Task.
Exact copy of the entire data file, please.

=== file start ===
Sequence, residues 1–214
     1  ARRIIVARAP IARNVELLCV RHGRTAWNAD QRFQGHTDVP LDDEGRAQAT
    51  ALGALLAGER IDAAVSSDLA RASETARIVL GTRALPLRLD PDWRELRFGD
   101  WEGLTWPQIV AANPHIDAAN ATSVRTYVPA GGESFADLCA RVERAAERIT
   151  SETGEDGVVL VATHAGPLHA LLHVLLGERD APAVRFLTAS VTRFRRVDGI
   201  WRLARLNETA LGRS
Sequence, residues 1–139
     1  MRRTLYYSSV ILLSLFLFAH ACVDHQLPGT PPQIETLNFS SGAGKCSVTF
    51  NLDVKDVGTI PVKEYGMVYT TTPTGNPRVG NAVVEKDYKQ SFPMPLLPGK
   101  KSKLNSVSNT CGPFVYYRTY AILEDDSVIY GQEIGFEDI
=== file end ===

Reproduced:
Sequence, residues 1–214
     1  ARRIIVARAP IARNVELLCV RHGRTAWNAD QRFQGHTDVP LDDEGRAQAT
    51  ALGALLAGER IDAAVSSDLA RASETARIVL GTRALPLRLD PDWRELRFGD
   101  WEGLTWPQIV AANPHIDAAN ATSVRTYVPA GGESFADLCA RVERAAERIT
   151  SETGEDGVVL VATHAGPLHA LLHVLLGERD APAVRFLTAS VTRFRRVDGI
   201  WRLARLNETA LGRS
Sequence, residues 1–139
     1  MRRTLYYSSV ILLSLFLFAH ACVDHQLPGT PPQIETLNFS SGAGKCSVTF
    51  NLDVKDVGTI PVKEYGMVYT TTPTGNPRVG NAVVEKDYKQ SFPMPLLPGK
   101  KSKLNSVSNT CGPFVYYRTY AILEDDSVIY GQEIGFEDI